Last week I had a little time to catch up on some of the articles I had saved to read later in Instapaper. I came upon this piece from Robert Darnton in The New York Review of Books. Darnton talks about the Digital Public Library of America (DPLA), which launches this week.
Given the way the US is portrayed in the media here, Europeans could be forgiven for thinking that all Americans are like Gordon Gecko. So how ironic that in the US, the DPLA revives the ideals and spirit of the enlightened Founding Fathers, while in France the Bibliothèque National is operating hand-in-hand with publishers to digitize unavailable books with public money and let publishers offer them for sale.
By rejecting the “monopoly of knowledge” that would have accompanied a commercial offer for access to these digitized works, the DPLA sounds like what every citizen should expect from public institutions. Except that it was not a government-funded project but an initiative by individuals and private institutions that grew into a public-private partnership that has recently become a non-profit entity.
The story of the creation of the DPLA sounds like a fine example of mass collaboration supported by networked communication systems,
The groups grew and developed a momentum of their own, drawing on voluntary labor; crowdsourcing (the practice of appealing for contributions to an undefined group, usually an online community, as in the case of Wikipedia); and discussion through websites, listservs, open meetings, and highly focused workshops. Hundreds of people became actively involved, and thousands more participated through an endless, noisy debate conducted on the Internet. Plenary meetings in Washington, D.C., San Francisco, and Chicago drew large crowds and a much larger virtual audience, thanks to texting, tweeting, streaming, and other electronic connections.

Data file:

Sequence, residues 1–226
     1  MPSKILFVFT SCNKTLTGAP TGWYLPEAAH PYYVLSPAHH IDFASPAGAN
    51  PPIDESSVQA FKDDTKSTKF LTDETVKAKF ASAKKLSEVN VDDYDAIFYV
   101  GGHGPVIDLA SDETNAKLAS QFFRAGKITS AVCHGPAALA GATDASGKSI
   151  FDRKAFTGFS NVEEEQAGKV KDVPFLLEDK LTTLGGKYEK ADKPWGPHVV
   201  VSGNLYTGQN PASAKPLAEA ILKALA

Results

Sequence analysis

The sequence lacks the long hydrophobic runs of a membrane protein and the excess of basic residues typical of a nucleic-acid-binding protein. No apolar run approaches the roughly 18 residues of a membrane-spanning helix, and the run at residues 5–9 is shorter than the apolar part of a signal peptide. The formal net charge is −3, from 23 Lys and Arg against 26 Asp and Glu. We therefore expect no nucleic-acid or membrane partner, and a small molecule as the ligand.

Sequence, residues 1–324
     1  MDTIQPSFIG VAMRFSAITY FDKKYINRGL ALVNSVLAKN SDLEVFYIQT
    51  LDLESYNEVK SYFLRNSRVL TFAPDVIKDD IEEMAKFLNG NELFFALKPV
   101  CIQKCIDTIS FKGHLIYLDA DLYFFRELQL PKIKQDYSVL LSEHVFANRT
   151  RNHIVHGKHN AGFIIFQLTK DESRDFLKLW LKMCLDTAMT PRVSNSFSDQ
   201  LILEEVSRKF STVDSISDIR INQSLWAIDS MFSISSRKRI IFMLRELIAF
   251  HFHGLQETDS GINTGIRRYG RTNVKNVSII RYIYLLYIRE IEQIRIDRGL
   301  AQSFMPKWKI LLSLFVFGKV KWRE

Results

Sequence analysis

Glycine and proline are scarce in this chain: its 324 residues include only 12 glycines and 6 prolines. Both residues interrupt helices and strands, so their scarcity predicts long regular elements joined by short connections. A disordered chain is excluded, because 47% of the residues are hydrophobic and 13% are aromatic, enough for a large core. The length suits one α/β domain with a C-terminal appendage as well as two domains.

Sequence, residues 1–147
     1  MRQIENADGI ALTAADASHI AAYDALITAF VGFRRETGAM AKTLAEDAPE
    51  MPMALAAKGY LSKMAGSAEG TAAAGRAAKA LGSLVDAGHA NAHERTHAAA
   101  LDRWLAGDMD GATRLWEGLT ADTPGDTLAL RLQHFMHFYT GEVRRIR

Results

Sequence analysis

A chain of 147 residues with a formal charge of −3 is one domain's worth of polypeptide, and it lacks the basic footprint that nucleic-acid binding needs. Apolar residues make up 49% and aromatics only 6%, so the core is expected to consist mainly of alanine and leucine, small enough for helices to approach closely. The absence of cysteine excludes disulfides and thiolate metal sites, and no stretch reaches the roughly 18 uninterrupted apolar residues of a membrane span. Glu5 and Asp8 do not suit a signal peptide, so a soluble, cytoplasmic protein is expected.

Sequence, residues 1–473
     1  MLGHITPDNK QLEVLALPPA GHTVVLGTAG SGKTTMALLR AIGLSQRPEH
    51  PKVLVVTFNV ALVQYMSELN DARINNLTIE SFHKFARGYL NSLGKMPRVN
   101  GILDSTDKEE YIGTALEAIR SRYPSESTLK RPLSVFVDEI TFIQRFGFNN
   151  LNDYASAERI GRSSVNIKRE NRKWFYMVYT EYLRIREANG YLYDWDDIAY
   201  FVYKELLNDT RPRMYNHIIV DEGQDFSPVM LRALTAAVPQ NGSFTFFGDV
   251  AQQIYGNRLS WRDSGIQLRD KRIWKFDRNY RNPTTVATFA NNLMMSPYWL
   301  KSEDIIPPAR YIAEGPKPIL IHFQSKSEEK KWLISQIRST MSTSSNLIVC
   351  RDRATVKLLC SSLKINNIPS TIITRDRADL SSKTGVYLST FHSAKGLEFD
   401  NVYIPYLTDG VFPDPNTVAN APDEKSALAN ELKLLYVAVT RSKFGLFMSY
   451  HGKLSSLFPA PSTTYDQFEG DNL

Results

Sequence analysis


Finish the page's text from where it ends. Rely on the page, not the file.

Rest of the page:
Forty volunteers submitted “betas”—prototypes of the software that the DPLA might use, which were then to be subjected to “beta testing,” a user-based form of review. After several rounds of testing and reworking, a platform was developed that will provide links to content from library collections throughout the country and that will aggregate their metadata—i.e., catalog-type information that identifies digital files and describes their content. The metadata will be aggregated in a repository located in what the designers call the “back end” of the platform, while an application programming interface (API) in the “front end” will make it possible for all kinds of software to transmit content in diverse ways to individual users.
Over two hundred years ago, France played an important role in helping American revolutionaries achieve independence from tyranny. With DPLA, the US will give something back to France and to the world. The DPLA shows that there is an alternative to the lop-sided model that France has chosen to adopt. In France, publishers stand to gain from the digitization of “out of print” books at the expense of writers and readers; the law contains limited provisions for open access and the publisher can revoke them. By its example, perhaps the DPLA will help draw support for the enlightened revolutionaries in France who seek to overturn the “monopoly on knowledge” that has been imposed there.
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